Wednesday, August 03, 2005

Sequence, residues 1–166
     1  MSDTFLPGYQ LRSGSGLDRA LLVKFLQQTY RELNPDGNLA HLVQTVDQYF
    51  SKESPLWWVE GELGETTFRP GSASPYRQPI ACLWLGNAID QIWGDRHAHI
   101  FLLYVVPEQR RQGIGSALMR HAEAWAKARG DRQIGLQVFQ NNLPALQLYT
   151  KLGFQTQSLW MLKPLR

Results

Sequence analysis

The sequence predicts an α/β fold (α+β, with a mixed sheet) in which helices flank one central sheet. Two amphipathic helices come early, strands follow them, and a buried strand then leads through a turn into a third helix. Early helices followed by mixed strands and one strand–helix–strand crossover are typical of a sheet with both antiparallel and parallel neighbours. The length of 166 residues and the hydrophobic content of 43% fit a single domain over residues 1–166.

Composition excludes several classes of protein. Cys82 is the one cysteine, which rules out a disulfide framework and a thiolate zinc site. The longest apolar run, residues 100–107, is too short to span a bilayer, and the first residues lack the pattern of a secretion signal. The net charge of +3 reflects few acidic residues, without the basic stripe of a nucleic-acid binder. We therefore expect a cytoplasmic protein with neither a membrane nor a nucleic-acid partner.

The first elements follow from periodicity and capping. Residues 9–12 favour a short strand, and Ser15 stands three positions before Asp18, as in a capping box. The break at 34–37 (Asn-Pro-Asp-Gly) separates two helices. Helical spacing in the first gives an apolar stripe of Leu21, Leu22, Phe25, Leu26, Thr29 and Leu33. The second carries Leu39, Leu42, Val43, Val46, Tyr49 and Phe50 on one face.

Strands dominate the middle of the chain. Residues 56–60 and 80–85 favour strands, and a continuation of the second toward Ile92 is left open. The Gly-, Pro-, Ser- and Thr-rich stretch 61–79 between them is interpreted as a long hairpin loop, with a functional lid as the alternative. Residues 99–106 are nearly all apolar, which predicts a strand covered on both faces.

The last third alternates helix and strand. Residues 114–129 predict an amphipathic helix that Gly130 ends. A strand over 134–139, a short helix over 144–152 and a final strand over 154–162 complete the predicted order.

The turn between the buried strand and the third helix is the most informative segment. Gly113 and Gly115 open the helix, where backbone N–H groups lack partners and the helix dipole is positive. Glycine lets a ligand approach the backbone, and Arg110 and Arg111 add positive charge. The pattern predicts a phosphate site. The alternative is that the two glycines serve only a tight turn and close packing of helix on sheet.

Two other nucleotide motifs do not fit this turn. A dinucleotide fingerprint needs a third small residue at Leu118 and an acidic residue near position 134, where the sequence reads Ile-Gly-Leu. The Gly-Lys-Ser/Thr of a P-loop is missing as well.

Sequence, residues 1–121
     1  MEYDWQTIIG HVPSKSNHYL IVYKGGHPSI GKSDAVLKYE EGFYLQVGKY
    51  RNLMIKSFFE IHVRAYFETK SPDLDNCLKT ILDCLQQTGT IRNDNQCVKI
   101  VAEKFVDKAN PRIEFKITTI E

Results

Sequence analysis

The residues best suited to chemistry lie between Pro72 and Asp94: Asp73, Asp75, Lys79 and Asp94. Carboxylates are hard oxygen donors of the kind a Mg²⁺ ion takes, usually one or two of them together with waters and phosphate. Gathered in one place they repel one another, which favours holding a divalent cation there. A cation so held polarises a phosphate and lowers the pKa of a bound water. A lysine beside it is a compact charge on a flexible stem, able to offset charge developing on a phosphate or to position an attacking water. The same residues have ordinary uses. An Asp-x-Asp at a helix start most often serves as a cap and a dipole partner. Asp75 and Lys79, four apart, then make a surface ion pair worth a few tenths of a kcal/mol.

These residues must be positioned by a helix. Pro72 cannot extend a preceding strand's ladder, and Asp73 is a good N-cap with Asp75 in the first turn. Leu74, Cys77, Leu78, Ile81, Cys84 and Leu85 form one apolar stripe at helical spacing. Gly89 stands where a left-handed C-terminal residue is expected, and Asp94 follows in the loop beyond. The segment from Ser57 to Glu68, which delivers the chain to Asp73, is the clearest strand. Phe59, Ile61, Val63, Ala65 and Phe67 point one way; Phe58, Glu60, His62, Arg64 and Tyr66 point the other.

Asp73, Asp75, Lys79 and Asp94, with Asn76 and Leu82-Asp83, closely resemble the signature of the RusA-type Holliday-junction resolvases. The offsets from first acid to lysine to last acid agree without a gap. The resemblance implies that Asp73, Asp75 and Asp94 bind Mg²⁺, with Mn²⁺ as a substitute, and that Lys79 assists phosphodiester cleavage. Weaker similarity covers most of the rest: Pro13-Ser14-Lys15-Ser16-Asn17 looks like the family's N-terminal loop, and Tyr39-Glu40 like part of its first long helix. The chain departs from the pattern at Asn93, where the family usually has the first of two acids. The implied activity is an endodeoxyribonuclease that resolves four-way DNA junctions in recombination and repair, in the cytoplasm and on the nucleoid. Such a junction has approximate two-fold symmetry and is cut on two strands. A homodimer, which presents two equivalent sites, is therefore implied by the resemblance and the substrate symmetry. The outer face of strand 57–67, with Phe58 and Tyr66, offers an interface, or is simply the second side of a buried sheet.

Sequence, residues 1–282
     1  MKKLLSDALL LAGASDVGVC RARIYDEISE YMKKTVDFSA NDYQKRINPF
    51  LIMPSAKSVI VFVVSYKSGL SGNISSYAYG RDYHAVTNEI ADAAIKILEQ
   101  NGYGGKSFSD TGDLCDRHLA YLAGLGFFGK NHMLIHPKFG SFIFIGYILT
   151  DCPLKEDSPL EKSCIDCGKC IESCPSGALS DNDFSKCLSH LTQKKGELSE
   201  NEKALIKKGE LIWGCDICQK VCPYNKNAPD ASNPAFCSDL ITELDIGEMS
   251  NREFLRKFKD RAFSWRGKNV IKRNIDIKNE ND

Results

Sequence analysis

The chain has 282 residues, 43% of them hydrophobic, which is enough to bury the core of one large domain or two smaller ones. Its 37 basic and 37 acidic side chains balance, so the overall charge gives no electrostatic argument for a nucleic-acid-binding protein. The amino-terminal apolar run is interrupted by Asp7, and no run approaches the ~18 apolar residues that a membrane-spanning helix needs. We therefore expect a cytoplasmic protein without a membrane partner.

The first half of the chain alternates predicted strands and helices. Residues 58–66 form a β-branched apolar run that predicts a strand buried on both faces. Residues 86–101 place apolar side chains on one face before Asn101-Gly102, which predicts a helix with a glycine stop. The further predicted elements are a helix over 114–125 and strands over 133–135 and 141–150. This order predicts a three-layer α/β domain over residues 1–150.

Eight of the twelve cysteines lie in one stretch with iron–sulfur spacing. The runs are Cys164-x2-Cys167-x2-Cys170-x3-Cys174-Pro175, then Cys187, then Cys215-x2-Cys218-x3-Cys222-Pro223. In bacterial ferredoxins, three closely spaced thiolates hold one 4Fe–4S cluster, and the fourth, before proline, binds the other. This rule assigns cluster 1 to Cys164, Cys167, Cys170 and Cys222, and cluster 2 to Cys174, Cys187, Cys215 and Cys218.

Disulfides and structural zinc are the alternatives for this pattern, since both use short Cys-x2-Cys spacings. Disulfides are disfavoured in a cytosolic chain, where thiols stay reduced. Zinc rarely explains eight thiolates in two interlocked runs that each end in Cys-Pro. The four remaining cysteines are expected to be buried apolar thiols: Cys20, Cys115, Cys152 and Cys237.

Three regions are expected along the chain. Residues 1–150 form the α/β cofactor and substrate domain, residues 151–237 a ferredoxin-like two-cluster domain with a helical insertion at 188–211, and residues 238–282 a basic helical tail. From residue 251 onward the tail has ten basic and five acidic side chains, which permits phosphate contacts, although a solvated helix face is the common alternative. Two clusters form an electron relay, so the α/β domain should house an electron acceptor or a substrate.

U2 has a lyric that I especially like. A woman needs a man like a fish needs a bicycle. During one of my numerous years in a dormitory, I had this phrase on my message board. Most likely it was defense against my boyfriendless status, but I loved the way it sounded. One of my fellow dorm-mates commented to me, "That doesn't make sense. Why would a fish need a bicycle?" As I laughed, I knew that I couldn't explain it. She looked at it too literally, taking it for the letter, but not the spirit of the declaration. Or perhaps, she couldn't imagine being without a boyfriend. I, on the other hand, never had a problem with that. During high school I had my share of crushes and friends who were boys. If I hadn't gone to a parochial school, rumors probably would have floated about my sexual tendencies since I didn't have a boyfriend once during the four years. Looking back, there might have been one or two that were interested, but I was a geek and it wasn't cool. (Note: write to producers of The OC and thank them for making Seth Cohen a geek, but uber cool anyway.) College was slightly better. I dated a few guys during my first year, before I dropped out. The year inbetween lead to one serious boyfriend. That relationship ended when I returned to the parochial school system and the higher calling of public ministry as a teacher. Once again immersed in the world of church combined with schooling, I was a social outcast. Oh, I had friends, but not that special person that so many of us crave. It never bothered me, especially when I was often the confidant that heard the horrors of having a significant other. Eventually things turned for the better and I did find someone that I love and loves me. My husband and I have a good relationship, I feel, yet that phrase sticks in my head. A woman needs a man like a fish needs a bicycle. A friend of my husband recently complained about how his wife often times her returns from shopping expeditions with his own arrival at home so that he can carry in the products of the trip. His complaint was mild-mannered. He just wished she would take more initiative in other areas rather than rely on him so often. My husband responded with a laugh and a description of my last shopping trip. I carried in four or five bags from the grocery store, juggled a kid, his back pack, my work briefcase while opening and closing various doors. Unfortunately, this is the norm, not the exception. I have theories as to my inability to ask for help. But could it really be a simple as taking a lyric from a song to heart at the tender age of fourteen?

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